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I want to have one DateWrapper - representing a date (built for Hibernate persistance, but this is another story) - at most existing at the same time for the same date.

I'm a bit confused about collisions and good keys for hashing. I'm writing a factory for a DateWrapper object, and I thought to use the milliseconds of the parsed date as the key as I've seen others doing. But, what happens if there is a collision?. Milliseconds are always different from one another, but the internal table may be smaller than the Long that could exist. And once the hash map has a collision, it uses the equals, but how can it distinguish two different object from my Long? Maybe, it's the put method to drop (overwrite) some value I'd like to insert... So, is this code safe, or is it bugged??

package myproject.test;

import java.util.HashMap;
import java.util.Map;

import org.joda.time.DateTime;
import org.joda.time.format.DateTimeFormat;
import org.joda.time.format.DateTimeFormatter;

import myproject.utilities.DateWrapper;

public class DateWrapperFactory {

    static Map <Long, DateWrapper> cache = new HashMap<Long, DateWrapper>();
    static DateTimeFormatter parser =
        DateTimeFormat.forPattern("yyyy-MM-dd");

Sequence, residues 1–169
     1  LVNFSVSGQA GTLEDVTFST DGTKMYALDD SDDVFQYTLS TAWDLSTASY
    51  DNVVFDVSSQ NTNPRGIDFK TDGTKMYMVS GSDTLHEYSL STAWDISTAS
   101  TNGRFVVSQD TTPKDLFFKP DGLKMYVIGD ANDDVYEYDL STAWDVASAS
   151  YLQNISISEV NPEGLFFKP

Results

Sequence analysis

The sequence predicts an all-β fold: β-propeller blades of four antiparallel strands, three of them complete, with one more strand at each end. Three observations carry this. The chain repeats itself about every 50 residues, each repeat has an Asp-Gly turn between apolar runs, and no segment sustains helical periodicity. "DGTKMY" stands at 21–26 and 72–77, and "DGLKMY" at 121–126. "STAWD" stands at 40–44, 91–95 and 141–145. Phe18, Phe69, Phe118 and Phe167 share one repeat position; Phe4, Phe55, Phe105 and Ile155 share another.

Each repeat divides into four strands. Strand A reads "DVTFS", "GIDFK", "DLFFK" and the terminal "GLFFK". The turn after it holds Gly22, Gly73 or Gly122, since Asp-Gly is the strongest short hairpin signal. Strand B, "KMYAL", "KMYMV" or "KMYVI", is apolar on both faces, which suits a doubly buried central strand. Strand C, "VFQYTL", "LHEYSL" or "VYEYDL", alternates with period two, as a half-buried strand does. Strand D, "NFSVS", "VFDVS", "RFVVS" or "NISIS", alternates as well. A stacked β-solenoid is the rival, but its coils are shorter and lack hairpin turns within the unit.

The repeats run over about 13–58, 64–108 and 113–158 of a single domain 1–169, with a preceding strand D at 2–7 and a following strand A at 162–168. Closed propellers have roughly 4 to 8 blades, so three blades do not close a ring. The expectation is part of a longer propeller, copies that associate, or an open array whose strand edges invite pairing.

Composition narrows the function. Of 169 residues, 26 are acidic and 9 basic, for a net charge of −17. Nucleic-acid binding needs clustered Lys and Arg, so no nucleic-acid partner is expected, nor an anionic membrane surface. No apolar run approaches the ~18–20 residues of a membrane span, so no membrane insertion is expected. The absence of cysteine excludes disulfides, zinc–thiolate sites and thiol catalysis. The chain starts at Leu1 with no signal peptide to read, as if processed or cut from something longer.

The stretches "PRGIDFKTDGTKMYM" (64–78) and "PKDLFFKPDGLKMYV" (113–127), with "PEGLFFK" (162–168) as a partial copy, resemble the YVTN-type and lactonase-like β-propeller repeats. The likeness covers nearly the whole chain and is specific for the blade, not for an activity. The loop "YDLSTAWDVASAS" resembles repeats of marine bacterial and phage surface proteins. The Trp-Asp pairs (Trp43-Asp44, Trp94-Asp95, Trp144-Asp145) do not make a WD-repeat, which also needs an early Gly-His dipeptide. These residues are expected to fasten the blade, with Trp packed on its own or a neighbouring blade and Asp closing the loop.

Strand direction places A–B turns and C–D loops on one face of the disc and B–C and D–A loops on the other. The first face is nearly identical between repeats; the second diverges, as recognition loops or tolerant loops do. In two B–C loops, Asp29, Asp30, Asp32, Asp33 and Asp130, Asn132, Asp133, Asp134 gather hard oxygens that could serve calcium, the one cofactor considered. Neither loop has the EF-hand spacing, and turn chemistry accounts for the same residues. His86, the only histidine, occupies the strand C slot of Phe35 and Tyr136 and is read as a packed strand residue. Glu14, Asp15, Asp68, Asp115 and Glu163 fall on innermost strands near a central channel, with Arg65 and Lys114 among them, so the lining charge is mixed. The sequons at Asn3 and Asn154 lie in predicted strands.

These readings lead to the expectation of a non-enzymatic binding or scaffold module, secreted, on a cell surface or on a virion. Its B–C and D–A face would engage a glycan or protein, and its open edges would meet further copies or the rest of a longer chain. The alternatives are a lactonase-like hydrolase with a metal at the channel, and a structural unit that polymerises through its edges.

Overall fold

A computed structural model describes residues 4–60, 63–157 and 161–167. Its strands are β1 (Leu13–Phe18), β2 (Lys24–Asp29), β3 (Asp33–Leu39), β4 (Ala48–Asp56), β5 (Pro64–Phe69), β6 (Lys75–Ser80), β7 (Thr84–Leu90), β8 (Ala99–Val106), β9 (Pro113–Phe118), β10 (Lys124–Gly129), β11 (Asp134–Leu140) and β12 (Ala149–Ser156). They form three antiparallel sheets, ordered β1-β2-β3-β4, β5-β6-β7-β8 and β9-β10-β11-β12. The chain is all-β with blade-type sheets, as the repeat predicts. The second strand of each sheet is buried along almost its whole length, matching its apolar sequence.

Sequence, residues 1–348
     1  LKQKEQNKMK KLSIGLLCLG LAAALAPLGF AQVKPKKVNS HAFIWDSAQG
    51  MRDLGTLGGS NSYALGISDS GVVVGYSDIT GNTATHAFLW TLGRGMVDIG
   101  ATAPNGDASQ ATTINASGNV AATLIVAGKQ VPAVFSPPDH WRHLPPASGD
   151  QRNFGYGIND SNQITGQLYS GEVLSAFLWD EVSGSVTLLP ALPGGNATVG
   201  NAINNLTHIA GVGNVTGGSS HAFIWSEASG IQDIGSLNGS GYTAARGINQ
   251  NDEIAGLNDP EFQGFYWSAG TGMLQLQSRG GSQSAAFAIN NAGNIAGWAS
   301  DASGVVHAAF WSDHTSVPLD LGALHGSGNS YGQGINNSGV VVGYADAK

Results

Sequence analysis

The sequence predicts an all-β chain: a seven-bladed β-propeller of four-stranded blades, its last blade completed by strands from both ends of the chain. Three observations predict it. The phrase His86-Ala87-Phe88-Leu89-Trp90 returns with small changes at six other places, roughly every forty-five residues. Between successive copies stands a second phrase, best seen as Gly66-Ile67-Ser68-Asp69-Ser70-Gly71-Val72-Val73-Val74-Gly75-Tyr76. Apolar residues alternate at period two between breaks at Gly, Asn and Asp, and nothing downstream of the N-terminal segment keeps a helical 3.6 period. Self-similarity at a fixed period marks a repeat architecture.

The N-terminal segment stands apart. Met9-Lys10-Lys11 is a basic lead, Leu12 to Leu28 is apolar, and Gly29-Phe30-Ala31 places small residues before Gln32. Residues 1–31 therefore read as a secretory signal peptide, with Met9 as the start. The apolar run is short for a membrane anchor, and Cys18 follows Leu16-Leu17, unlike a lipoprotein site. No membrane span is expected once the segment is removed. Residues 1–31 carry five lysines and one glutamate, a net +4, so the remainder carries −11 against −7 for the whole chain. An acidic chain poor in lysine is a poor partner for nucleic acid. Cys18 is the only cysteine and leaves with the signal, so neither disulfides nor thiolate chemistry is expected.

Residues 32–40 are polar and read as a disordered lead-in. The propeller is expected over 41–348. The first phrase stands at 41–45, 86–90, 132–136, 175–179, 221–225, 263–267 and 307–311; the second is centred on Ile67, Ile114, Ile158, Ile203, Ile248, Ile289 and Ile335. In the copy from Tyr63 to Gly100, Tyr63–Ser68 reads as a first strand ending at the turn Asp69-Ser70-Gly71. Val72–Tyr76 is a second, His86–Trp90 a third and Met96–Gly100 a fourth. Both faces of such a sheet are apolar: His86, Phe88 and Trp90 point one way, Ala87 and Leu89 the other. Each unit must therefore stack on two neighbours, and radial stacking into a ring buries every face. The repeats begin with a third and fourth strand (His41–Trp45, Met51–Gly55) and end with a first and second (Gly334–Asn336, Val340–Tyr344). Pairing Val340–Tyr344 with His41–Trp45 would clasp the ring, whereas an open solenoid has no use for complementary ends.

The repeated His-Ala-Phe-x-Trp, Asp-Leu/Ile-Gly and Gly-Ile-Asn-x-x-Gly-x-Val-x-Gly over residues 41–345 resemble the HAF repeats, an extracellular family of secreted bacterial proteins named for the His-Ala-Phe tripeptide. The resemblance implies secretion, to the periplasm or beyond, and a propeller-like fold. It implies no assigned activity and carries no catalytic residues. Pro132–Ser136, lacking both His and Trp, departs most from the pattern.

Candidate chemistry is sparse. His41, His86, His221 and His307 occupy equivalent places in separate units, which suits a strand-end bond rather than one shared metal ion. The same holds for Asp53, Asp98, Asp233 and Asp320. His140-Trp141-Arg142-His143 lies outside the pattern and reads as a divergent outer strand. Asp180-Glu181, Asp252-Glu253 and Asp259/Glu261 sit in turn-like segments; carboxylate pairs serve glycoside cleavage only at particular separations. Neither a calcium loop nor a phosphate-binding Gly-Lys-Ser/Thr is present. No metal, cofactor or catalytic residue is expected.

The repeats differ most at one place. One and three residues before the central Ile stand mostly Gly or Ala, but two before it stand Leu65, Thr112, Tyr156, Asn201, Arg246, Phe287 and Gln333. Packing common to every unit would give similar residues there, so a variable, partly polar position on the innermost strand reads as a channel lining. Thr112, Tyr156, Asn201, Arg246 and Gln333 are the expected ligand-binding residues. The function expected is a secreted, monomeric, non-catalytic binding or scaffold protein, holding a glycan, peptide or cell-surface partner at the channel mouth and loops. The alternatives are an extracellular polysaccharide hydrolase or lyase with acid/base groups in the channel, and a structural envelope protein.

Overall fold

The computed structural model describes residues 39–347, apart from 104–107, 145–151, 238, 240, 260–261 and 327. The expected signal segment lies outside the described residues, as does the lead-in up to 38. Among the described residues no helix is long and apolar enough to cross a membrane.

static DateWrapperFactory instance = new DateWrapperFactory();

    private DateWrapperFactory() {
    }

    public static DateWrapperFactory getInstance() {
        return instance;
    }


    public static DateWrapper get(String source) {
        DateTime d = parser.parseDateTime(source);
        DateWrapper dw = cache.get(d.getMillis());
        if (dw != null) {
            return dw;
        } else {
            dw = new DateWrapper(d);
            cache.put(d.getMillis(), dw);
            return dw;
        }
    }

}

package myproject.test;

import org.joda.time.DateTime;

public class DateWrapper {

    private DateTime date;

    public DateWrapper(DateTime dt) {
        this.date = dt;
    }

}
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Isn't this equivalent to a Set, with DateTime.equals implemented by way of the getMillis() ? –  extraneon Nov 15 '10 at 20:40
1  
@extraneon: It's not equivalent. The idea here (I think) is to implement a single canonical/interned instance for each DateTime being used, which requires the ability to get at that instance without iterating... this requires a map. –  ColinD Nov 15 '10 at 20:47

4 Answers 4

up vote 0 down vote accepted

If you are using the actual objects you want as map keys and letting the HashMap take care of the details of what it does with the hashcode of those objects (and the keys implement equals and hashCode according to their contract) there will be no issue if there's a hashcode collision other than some possible performance reduction due to the need to search linearly through every entry that hashed to the same bucket.

The issue in your other question where the subject of collisions came up was that rather than using the actual object that should have been the key, you were using the hashcode of that object as the key itself. This was incorrect and would have led to incorrect behavior.... when you went to look up the value for a given key in the map, the result could have been the value that actually maps to a completely different key that just happens to have the same hashcode.